Some proponents also say biochar has potential to improve agricultural yields, produce clean energy, and mitigate climate change by sequestering carbon, killing three birds with one stone. The sales pitch works like this:

1) Biochar is a valuable soil enricher for agriculture, thus a boon for both small- and large-scale agribusiness.

2) The ”bio-gas,” “bio-oil,” or syngas produced alongside the biochar is a form of climate-friendly, clean fuel. 

3) The process is not only carbon neutral, in that it doesn’t add hydrocarbons into the atmosphere when burned, but it’s actually carbon negative. That’s because its proponents say biochar effectively sequesters carbon into the soil that would otherwise be emitted into the atmosphere when burned or decomposed.

4) Biochar stoves can be used both to heat homes and to cook without the burning of fossil fuels.

Yet translating the successes of ancient farmers to a modern-day industrial scale isn’t so cut and dry, and critics say the Terra Preta of hundreds of years ago is not the biochar of today. 

That hasn’t stopped promoters from trying to market the product, though. One of the most egregious examples came in the form of Mantria Corporation, indicted in 2015 by the U.S. Department of Justice (DOJ) for running a biochar ponzi scheme, which recently pled guilty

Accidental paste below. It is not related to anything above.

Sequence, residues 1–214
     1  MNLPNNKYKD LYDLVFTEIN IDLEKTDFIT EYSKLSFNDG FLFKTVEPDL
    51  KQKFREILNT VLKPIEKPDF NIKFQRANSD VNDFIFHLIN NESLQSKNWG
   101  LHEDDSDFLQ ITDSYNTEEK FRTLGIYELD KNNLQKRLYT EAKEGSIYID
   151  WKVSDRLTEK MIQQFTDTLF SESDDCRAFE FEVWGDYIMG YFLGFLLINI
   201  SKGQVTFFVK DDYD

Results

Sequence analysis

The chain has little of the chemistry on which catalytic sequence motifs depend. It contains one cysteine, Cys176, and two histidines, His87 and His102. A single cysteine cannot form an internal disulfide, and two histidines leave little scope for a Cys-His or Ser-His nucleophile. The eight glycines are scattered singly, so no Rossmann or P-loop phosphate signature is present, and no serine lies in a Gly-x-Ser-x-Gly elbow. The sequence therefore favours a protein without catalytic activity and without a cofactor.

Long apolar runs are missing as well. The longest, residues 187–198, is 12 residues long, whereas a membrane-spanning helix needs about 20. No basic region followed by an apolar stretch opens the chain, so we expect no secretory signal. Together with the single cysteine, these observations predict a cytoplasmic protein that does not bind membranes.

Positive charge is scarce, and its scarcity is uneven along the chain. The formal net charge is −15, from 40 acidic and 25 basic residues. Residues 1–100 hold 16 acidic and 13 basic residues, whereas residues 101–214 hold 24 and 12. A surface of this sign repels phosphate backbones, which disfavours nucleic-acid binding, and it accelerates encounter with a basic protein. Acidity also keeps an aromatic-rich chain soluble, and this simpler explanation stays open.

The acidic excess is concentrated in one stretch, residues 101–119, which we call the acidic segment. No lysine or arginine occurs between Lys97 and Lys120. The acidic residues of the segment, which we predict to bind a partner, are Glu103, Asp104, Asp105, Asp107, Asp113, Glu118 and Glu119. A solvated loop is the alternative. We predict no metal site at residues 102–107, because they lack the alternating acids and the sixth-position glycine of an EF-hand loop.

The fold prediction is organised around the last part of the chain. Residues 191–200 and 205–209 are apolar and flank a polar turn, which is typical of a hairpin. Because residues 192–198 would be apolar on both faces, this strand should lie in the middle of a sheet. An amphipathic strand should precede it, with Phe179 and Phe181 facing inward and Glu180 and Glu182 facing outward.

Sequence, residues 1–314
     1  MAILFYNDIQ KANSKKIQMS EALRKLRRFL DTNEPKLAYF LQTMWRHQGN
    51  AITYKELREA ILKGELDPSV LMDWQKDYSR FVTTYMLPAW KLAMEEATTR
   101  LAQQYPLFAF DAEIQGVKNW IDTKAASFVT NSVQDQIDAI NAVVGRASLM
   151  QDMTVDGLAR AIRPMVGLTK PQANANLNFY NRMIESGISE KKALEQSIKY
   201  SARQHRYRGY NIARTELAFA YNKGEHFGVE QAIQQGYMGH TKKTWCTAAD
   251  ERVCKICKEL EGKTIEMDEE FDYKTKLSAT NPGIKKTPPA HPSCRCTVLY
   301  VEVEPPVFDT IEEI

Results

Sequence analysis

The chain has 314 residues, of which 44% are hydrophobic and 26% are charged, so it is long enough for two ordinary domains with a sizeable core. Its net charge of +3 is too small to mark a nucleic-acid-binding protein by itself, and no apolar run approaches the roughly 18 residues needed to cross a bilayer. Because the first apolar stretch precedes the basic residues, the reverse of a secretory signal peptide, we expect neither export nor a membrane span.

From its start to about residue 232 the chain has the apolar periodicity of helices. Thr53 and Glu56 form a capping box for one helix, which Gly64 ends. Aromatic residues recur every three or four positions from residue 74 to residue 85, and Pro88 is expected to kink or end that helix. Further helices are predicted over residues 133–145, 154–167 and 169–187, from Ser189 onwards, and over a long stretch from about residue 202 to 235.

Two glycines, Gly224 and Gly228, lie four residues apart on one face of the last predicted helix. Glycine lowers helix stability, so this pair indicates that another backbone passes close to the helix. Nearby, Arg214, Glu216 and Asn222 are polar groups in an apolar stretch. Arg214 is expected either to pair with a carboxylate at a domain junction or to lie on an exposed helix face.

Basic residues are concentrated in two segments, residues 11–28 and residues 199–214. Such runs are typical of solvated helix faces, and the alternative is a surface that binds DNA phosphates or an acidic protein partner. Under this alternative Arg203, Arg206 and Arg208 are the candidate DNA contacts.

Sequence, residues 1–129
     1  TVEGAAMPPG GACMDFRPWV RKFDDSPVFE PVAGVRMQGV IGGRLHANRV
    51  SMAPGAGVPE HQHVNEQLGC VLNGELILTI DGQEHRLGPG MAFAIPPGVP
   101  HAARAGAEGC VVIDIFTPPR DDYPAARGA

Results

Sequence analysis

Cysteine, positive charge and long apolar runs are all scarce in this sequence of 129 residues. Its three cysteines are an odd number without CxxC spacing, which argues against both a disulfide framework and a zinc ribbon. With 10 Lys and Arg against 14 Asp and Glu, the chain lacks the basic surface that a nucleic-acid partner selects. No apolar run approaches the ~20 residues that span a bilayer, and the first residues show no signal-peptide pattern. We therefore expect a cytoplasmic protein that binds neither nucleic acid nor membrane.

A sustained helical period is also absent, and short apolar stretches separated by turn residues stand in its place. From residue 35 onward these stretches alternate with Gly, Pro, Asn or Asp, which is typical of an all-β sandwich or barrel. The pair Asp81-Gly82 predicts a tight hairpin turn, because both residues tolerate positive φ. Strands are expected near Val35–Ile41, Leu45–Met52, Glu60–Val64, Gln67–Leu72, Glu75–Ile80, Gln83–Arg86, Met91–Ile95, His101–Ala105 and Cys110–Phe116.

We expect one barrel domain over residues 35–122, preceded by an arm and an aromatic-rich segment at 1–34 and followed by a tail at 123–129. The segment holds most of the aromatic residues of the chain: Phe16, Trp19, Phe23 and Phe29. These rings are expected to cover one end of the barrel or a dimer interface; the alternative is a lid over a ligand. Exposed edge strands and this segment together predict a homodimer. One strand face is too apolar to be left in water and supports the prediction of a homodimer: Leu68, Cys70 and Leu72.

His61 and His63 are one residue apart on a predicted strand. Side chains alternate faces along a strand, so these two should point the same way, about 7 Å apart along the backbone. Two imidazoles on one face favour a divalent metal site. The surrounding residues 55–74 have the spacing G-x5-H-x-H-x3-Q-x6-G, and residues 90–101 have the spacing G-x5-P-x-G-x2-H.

“The scheme alleged in this indictment offered investors the best of both worlds — investing in sustainable and clean energy products while also making a profit,” U.S. Attorney Zane Memeger said in a DOJ news release. “Unfortunately for the investors, it was all a hoax and they lost precious savings. These defendants preyed on the emotions of their victims and sold them a scam.”

Enter Big Oil

It may seem odd that there’s a concerted effort to scale up biochar before there’s even a centrally agreed upon definition of what the substance actually is. Couple that with the fact the science is far from sound on biochar’s climate change mitigation potential and it seems odder still.

That is, until one realizes that some of biochar’s biggest fans are — or are closely tethered to — major oil companies and developers of both Canada’s tar sands and North American shale basins, where oil and gas is obtained via hydraulic fracturing (“fracking”). Big money rides on profiting off of biochar and greenhouse gas offsets markets. 

Is biochar the way forward? Or are those with a financial stake in the game jumping on the biochar bandwagon before the technology proves itself? Continue to Part 2 and bookmark DeSmog’s investigative series on biochar and climate change.